Toner transfer

Discussion in 'General Electronics Chat' started by Lt762x39, Sep 21, 2008.

  1. Lt762x39

    Thread Starter New Member

    Sep 11, 2008
    I am a new member and stumbled in here as part of a google search for some information. I am a sparky (maintenance electrician ) by trade and took electronics in high school some 20 yrs ago. I have found this place to be "brain food" I am glad to have become a member. I do have a question. I have read about the dry transfer method using a photo copier. I think that this will work for me making a "repair" board for a very costly LLP (LED light panel) I have not been able to find replacement boards to repair our water dammaged light (it is an inspection lamp on our 5 gallon line ) I work for a water bottler (DS Waters / Sparkletts in Phoenix, AZ) any input is welcome Just to give you a hint how long I've been away from electronics state of the art microprocessor back in the day was the 6500 series the Z80 and the 8088. Much before the advent of SMD componants. The board that I need to make uses the PLCC-2 LEDs and some smd resistors so small that my aging eyes can not see any values on the chips with a 10x loup...... thanks in andvance
  2. jpanhalt


    Jan 18, 2008
    1) The method described for this project will not help you with toner transfer methods.
    2) This forum is for completed projects. You should consider posting your question about toner transfer in General Electronics Chat.

  3. beenthere

    Retired Moderator

    Apr 20, 2004
    Greetings! And welcome to AAC!

    I've moved your post into its own thread, where it will draw more responses.

    Please refrain from "hijacking" existing threads with tangent or off-topic questions. You can create new threads for new questions using the "New Thread" button on the upper left of the page.

    No matter what way you decide to use for the replacement PCB, making an absolutely accurate foil pattern is the most important part. How are you planning on doing this?
  4. Wendy


    Mar 24, 2008
    Beenthere is right, making the pattern is the absolute first step. If the traces are small then you'll probably need to draw it on a computer, because copying machines loose the really fine details, worse, they tend to leave voids between the pads and the trace! Printing to a good laser printer gets around this issue.

    Once you have the board drawn out then try this site...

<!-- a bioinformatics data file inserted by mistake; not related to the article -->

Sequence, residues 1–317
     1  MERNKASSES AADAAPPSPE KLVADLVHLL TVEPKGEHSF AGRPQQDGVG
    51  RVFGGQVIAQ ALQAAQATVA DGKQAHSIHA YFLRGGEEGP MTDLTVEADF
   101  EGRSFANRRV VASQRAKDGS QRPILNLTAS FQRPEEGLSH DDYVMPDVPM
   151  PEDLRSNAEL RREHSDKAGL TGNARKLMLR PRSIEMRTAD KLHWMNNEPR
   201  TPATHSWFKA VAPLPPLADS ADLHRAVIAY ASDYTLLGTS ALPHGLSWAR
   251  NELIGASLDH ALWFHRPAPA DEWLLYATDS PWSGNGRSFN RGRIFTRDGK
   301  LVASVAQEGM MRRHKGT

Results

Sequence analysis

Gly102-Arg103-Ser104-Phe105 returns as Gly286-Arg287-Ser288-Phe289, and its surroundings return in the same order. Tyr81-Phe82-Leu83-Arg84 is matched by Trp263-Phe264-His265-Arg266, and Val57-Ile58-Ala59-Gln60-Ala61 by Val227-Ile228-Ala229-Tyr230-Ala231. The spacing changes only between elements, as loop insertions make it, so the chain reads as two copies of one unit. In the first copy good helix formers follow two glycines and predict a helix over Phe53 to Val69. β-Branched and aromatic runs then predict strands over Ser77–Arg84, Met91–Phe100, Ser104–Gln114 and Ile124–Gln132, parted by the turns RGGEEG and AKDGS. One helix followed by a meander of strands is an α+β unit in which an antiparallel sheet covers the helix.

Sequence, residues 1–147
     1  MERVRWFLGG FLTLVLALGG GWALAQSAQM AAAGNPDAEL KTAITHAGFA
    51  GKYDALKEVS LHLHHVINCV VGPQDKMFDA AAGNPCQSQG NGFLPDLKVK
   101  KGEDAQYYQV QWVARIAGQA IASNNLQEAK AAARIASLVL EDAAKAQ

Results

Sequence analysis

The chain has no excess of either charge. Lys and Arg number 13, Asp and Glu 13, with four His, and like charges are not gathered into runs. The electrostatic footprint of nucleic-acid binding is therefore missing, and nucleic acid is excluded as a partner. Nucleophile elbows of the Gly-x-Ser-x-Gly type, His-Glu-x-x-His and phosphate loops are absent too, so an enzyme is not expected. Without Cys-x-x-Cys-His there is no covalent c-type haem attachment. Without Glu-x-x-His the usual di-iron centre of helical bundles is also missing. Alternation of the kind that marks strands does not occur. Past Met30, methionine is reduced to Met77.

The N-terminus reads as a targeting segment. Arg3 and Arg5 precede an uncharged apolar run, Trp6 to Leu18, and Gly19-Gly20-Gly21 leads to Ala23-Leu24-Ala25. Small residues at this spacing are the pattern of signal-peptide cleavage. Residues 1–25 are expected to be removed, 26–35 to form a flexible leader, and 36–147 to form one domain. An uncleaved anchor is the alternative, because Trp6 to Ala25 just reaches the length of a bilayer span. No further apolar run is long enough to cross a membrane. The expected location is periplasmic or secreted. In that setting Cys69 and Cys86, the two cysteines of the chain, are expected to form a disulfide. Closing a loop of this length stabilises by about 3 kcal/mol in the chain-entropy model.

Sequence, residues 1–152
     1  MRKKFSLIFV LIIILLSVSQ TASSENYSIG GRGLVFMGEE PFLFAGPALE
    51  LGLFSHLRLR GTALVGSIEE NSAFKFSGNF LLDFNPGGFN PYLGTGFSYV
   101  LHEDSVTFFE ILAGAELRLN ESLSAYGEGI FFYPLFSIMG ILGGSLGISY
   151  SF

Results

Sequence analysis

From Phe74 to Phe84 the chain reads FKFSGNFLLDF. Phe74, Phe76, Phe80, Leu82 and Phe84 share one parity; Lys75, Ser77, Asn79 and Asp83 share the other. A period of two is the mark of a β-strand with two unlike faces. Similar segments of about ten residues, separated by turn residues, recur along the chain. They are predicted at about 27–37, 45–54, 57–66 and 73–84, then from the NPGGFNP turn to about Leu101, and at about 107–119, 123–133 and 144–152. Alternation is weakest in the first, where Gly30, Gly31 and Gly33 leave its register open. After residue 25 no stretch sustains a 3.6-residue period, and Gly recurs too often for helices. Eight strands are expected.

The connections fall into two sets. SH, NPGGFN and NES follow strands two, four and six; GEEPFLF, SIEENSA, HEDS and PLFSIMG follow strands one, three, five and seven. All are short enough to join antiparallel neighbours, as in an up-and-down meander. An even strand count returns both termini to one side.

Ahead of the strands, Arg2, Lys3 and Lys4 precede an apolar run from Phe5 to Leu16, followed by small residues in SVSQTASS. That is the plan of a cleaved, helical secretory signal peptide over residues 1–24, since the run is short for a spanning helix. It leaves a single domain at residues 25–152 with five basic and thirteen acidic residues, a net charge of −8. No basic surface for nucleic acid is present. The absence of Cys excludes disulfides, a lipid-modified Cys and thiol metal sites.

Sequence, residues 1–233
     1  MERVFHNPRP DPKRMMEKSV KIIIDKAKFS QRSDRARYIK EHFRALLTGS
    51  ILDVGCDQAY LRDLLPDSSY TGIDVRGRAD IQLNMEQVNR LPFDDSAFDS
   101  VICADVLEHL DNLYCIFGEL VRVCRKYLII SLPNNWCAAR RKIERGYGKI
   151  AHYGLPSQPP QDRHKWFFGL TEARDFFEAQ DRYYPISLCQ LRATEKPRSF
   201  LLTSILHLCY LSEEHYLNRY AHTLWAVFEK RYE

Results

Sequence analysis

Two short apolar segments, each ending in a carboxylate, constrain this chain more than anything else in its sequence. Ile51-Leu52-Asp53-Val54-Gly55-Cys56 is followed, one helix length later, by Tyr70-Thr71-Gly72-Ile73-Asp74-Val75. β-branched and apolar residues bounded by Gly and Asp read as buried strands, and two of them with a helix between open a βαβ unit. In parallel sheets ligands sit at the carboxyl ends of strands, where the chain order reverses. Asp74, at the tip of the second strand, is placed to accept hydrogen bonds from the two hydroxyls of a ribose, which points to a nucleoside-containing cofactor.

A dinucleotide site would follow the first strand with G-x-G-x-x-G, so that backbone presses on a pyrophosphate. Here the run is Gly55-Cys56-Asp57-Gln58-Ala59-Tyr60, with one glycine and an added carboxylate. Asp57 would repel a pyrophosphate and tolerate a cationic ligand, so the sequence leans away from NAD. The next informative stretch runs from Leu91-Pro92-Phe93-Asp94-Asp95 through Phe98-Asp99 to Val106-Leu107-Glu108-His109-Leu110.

I think it is a fair statement that almost all the old hands have this site bookmarked.
  5. Lt762x39

    Thread Starter New Member

    Sep 11, 2008
    Just wanted to thank you guys for your input and to answer ? as to how I intend to do the layout. I downloaded some "free software " to do the artwork with. Just in case I was into doing the layout "old school" do any of you know where I can get some drafting supplies (the thin tape and chip transfers) just in case I don't take to the software too quickly
  6. Wendy


    Mar 24, 2008
    Truth, you don't need anything fancy unless you're designing something from scratch. We are talking about duplicating an existing board, which should be almost photographic in nature, except lithographic (all black/white, no grey).

    I've been known to successfully make PCB layouts using Paint.
  7. SgtWookie


    Jul 17, 2007
    Just an idea, but if you have a flatbed scanner, you might be able to scan an image of the circuit board into a .png format file, edit it to clean it up and enhance contrast using something like MS Paint, reverse the image (mirror image) and print it right back out.

    What are the approximate dimensions of the board?
  8. scubasteve_911

    AAC Fanatic!

    Dec 27, 2007
    I think the biggest problem is going to be resolution. He mentioned extremely fine resistors, which could mean 0402 or 0603. I doubt that one could manufacture boards with these small features without use of better equipment. There is another issue of alignment if it is a 2-layer board. Then, finally, soldering the PCB without soldermask can be a nightmare.

    My suggestion would be to have it professionally made. Using a scanner, as wookie suggests, may also work. You would need to do some serious image processing / editing to get a reliable result. There are companies that reverse-engineer PCBs, which is a route if you have the money for that.

  9. HarveyH42

    Active Member

    Jul 22, 2007
    Not sure how important the indicator panel, but if it's something that involves the safety of the employees or consumers, it would likely be more cost effect to have the board reproduced professionally. Hard to say, without seeing the damaged board.